She stood by the window overlooking her little garden. She’d planted pumpkins this year for Wendy; they were going to pick one to decorate this afternoon. In all her seventy-four years, she’d never found a place that felt so much like home. She wouldn’t give up this small bit of heaven for any amount of money.
“The Lilac Bower isn’t for sale,” Minnie said for the fourth time in their conversation. “Why won’t you tell me who you represent?”
“The buyer wishes to remain anonymous for the time being,” the lawyer said.
That puzzled her even more. Who would pay a million dollars for a bed and breakfast? It certainly wasn’t worth that much. Sure, she did a good business during tourist season, but things certainly slowed in the fall. Any meager profit she’d made had gone right back into maintaining the three-storey Victorian. New driveway, new furnace, new bathroom fixtures. Mark, her nephew and personal handyman, had a list as long as her arm of needed repairs, not the least of which was a new roof and an air conditioning system. A million dollars could only be a joke.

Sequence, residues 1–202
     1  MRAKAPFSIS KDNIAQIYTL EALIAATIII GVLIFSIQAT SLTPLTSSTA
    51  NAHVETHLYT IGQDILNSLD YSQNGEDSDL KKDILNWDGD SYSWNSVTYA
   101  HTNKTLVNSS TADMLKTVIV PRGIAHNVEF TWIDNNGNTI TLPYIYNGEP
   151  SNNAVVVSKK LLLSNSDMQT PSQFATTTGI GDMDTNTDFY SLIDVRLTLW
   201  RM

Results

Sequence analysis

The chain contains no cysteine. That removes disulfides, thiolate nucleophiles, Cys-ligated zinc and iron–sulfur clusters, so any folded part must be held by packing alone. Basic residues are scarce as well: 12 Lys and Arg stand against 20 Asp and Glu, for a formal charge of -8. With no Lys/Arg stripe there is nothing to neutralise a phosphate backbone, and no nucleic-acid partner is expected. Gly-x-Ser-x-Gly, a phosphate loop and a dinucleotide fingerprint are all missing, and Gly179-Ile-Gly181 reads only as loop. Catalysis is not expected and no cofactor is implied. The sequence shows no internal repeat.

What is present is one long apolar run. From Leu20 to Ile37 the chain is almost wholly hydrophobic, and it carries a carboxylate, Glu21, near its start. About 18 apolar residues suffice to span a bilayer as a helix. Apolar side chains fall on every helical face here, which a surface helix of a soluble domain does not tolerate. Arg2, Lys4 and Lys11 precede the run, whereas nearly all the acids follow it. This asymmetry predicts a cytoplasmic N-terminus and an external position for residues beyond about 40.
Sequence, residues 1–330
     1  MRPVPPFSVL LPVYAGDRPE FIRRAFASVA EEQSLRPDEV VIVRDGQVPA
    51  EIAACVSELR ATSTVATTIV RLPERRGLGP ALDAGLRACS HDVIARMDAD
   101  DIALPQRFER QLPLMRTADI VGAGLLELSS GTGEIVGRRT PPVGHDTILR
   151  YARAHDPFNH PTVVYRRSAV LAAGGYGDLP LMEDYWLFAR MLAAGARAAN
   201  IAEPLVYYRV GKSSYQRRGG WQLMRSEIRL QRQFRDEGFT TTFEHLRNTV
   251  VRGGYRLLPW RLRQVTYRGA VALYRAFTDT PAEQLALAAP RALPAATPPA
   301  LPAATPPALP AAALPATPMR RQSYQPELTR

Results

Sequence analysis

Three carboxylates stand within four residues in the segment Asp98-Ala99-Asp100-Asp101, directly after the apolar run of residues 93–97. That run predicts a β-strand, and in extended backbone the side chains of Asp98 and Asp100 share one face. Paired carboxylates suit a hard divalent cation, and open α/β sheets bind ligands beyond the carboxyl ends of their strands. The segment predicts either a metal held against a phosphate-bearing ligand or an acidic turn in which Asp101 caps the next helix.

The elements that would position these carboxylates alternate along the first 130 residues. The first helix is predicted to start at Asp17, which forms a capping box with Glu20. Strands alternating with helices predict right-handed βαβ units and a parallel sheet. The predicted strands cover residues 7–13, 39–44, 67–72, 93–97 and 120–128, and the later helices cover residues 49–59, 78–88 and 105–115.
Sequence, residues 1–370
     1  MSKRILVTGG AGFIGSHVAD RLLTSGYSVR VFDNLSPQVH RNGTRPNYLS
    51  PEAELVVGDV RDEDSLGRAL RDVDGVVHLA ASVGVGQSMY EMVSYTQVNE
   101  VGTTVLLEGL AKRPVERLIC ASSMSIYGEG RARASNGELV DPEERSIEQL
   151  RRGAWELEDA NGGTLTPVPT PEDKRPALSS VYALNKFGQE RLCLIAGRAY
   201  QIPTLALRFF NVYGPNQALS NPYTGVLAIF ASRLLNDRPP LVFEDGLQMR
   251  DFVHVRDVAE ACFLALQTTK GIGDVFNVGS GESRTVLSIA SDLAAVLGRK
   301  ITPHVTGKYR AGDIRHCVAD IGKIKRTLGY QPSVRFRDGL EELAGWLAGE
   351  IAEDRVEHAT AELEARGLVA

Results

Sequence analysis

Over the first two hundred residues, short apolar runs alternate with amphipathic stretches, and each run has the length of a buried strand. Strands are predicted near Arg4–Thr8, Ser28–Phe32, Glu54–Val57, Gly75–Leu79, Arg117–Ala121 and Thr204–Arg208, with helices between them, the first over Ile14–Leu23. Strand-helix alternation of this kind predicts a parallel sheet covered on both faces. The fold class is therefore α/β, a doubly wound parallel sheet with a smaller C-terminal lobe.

“Well, if your client is serious about this offer, they can come and talk to me in person. I’m not interested in selling anyway, but I’m certainly not interested in dealing with someone who won’t say who they are.”
“I’ll pass on your message. We’ll be in touch.” The lawyer disconnected.
Minnie tossed her phone down. It slid across the kitchen counter and fell on the floor. The battery case fell out again. She sighed and rubbed her forehead, bending to pick up the phone and the battery that had rolled under the edge of the refrigerator. After clicking the pieces back together, she put the phone in its charger and returned to the grocery bags covering the kitchen island.
Calls like that always upset her. She’d finally found a place she could call home, a place where she could reconcile all her memories, and someone wanted to take it from her. She wouldn’t sell. She’d saved up the money to pay cash for it, had labored through five years of renovations, installing new bathroom fixtures, restoring hardwood floors and crown molding, and removing purple paint from every surface inside and out. There was still work to do, but the rooms were finally shaping up as she’d envisioned them, and she wasn’t going to give up now.